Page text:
As a result, an improbable candidate like Bernie Sanders is actually attracting respectable crowds.  It could be no more than a question of curiosity killing liberal political cats.  But registered Democrats seem clearly to resent being left out of the primaries hoopla.  Former Maryland governor Martin O’Malley is counting on that to generate some attention.

Don’t expect front-runner Hillary to get peeved, even in private, by these detractors and their declarations.  In fact, they may be all that saves the Democrats’ message from oblivion during the crucial Republican primaries, especially with Hillary intent on saving her breath and energy for her final protagonist.  She’s been so quiet, in fact, that she intends to make a second announcement of her candidacy…just to remind everyone that she’s still running. 

There are plenty of wannabes in the Republican lineup whose present chances for the nomination are slim.  They may fall by the wayside or continue onward; it won‘t matter much in the long run.  The same could be said of the superfluous Democrats, except for the fact that liberal politicos are pretending to take them all seriously.  One even opined that Bernie Sanders will become the “real darling” of the press.  Never mind that he is a small-state avowed leftist, who forty years ago wrote a steamy treatise on sexual fantasies.  (America is so sex-besotted that the revelation, in some perverse manner, could give the septuagenarian a boost.)  The liberal press are only too eager to allot competitive face time to anyone who spouts their brand of progressive pap.  But we all know whom they’ll be championing in spades when the primaries are over and Bernie is back in Vermont.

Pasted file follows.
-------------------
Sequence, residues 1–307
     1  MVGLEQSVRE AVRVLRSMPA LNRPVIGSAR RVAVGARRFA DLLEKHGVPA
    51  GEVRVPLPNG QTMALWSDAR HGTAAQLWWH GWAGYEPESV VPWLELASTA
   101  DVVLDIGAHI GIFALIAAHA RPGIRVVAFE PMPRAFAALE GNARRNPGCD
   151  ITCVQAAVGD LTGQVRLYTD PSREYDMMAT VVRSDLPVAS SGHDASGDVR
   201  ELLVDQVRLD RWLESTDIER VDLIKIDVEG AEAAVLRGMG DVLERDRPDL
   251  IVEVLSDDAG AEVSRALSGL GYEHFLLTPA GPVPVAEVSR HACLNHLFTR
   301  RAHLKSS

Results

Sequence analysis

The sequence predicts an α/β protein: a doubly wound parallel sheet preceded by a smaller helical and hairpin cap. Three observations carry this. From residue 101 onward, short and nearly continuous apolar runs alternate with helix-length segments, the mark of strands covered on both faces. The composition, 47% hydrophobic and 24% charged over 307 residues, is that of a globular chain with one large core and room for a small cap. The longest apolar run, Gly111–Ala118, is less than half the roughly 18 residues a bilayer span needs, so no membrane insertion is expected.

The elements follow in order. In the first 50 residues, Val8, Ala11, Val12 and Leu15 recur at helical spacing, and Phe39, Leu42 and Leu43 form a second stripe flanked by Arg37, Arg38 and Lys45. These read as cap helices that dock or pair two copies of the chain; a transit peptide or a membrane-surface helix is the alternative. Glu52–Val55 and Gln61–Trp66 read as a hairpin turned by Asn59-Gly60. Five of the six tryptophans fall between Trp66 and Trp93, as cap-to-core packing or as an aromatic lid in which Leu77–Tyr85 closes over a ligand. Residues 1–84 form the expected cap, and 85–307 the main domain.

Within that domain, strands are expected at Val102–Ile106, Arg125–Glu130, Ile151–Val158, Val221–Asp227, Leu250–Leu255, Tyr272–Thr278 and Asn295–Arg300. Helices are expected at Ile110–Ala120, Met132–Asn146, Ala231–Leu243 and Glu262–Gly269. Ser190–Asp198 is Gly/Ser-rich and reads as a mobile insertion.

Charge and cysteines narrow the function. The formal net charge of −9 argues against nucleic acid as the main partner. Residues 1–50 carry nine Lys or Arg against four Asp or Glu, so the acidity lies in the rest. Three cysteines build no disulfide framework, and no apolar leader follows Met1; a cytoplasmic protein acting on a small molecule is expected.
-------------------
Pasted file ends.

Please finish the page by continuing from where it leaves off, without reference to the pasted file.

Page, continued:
Meanwhile, even as Republicans likely drop from serious contention, ego-trippers like O’Malley, Sanders, Chaffee, etc. will still be hanging around, aiming their vitriol not at Hillary, but at her potential rivals.  It is rumored that her running mate has already been chosen.  Yet if one of her “challengers” manages to get even a modest bounce, he could end up on the ticket as vice president. 

That’s their worry, though.  Ours will be to avoid being hoist by our own petard, which could happen if Republican contenders quit selling themselves and start savaging their fellow competitors.  An internal food fight is the last thing we need…and the first thing Hillary hopes for.  The only given is that this Republican primary season will be long slog, demanding discipline and patience from candidates and voters alike.  It might help if we view the process as an opportunity to get better-acquainted with an impressive array of candidates, all of whom have the potential of keeping the Republican brand alive for decades to come.

If the number of GOP hopefuls still seems too overwhelming to fathom, consider what happened in California a dozen years ago, when Governor Gray Davis was removed from office in a special recall election, and voters were given a ballot with the names of 135 candidates who wanted to replace him.  Only four of them received at least 1% of the final vote, and Arnold Schwarzenegger had the star power to get elected.  There’s a good chance that the survivor of the grueling 2016 GOP primaries will by then have achieved a well-earned degree of star power as well.